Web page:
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Alberta Election: Calgary councillors push provincial parties for Green Line funding commitment

A Calgary councillor said his request to Alberta provincial political parties to commit to Green Line funding has gone unanswered, but he thinks his point has been made.

On Thursday, Coun. Shane Keating led a call from eight city councillors that called for predictable and stable funding to complete the entire Green Line.

The letter posed the straightforward question: Will you advocate for and honour the commitment in legislation by the current government to dedicate approximately $200M annually (starting in 2027) for public transit in Calgary?

“I’ve had no response from the political parties and I didn’t really expect any,” said Keating.

He said in the final days of the campaign, that’s not a surprise. His ask was more about making a point about the importance of the entire Green Line.

“There was a letter previously led by Michelle Rempel,” said Keating. “It targeted that we should only be looking at one section of the Green Line.”

On April 8, Rempel put out a press release co-signed by north Calgary councillors Jyoti Gondek, Sean Chu, and Joe Magliocca asking parties to clarify their position on the north-central Green Line.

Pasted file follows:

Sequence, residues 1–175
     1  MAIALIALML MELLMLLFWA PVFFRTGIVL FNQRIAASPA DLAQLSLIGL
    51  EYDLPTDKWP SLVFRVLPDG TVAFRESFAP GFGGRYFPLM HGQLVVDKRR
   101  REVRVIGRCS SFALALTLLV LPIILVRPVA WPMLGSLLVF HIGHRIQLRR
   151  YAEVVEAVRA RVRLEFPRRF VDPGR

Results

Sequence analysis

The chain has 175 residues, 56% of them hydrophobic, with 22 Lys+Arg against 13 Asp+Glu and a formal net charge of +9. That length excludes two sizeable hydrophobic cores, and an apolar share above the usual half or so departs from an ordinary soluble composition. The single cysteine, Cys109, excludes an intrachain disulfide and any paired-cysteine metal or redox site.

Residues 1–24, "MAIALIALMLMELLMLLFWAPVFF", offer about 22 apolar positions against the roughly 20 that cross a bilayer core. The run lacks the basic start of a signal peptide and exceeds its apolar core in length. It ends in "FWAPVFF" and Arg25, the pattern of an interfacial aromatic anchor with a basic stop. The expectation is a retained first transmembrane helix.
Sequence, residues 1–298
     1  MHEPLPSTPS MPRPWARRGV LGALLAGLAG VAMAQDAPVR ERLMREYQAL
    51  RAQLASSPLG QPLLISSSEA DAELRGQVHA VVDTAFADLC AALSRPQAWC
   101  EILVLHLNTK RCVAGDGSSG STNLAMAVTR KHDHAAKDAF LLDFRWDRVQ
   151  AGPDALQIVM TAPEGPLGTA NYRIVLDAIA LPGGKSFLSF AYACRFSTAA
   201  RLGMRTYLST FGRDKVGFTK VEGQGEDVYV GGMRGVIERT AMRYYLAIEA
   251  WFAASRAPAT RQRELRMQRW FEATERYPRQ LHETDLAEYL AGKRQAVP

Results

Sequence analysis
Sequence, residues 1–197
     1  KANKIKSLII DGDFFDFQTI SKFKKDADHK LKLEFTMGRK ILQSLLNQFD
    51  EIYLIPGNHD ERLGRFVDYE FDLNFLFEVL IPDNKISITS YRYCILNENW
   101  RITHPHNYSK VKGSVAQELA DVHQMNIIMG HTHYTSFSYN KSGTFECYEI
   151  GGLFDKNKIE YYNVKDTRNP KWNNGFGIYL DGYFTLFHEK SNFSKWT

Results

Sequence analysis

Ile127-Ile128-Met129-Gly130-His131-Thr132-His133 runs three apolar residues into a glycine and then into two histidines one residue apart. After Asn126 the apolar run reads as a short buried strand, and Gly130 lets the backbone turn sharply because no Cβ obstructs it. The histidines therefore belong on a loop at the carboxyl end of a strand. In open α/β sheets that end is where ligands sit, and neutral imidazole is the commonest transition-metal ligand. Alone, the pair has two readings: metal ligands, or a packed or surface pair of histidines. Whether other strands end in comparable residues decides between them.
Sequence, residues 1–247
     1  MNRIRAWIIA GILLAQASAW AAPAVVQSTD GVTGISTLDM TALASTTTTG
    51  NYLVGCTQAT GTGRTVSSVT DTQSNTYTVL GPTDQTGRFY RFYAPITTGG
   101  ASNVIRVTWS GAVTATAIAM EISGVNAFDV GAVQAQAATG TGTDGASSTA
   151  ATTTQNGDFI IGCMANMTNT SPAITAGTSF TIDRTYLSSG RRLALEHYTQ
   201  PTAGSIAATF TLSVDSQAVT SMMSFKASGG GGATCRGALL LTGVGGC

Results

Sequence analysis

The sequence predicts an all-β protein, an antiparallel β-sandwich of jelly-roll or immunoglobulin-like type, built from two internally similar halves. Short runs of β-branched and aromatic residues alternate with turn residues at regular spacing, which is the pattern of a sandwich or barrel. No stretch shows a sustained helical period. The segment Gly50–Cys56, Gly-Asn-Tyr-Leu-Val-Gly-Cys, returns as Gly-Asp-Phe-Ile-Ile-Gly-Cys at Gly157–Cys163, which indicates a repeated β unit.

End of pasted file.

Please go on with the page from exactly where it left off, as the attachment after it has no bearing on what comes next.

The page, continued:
But Keating feels that letter missed the point.

“My response to that was, no, we have to continually stay away from that mentality,” said Keating. “We have to work in unison and the letter that I have, it talked about both north and south.”

What Keating wants to see is an annual commitment from the province of 400 million starting in around 2026 or 2027 for transit funding. He said Edmonton would get half of that, but it would give the city money to leverage funding and grants from the federal government, and from city funds to pay for the rest of the Green Line.

The Green Line was originally pitched to Calgarians as a single project that would run from 160 Avenue North to Seton in the deep south. However as funding was secured and plans became more clear, there was only enough funding to do one stage of the line, starting at 16 Avenue in the north and running to the originally-planned southern terminus.

Residents in North Central Calgary – which already has a larger population of established communities – have expressed concern that they were forgotten in the negotiations. Keating disagrees.

“I wanted to counter act this notion that the north was short changed or the decisions were bad,” said Keating. “I wanted to say, ‘no, you may not like the process, you may not like the final decision, but it wasn’t a decision that was hastily put together.'”

He noted that his letter was signed by more councillors, including Gondek, who also signed Rempel’s letter.

“She’s the far north and I’m the far south,” said Keating. If we can come together and continue to work on the advocacy of finishing the Green Line in totality, that’s where we should be at, rather than we should do this or we should do that.”

The co-signers on Keating’s letter were Diane Colley-Urquhart, Druh Farrell, Evan Woolley, Gian-Carlo Carra, Peter Demong, Ray Jones, Jyoti Gondek, and Jeff Binks, president of LRT on the Green, as well as several community associations.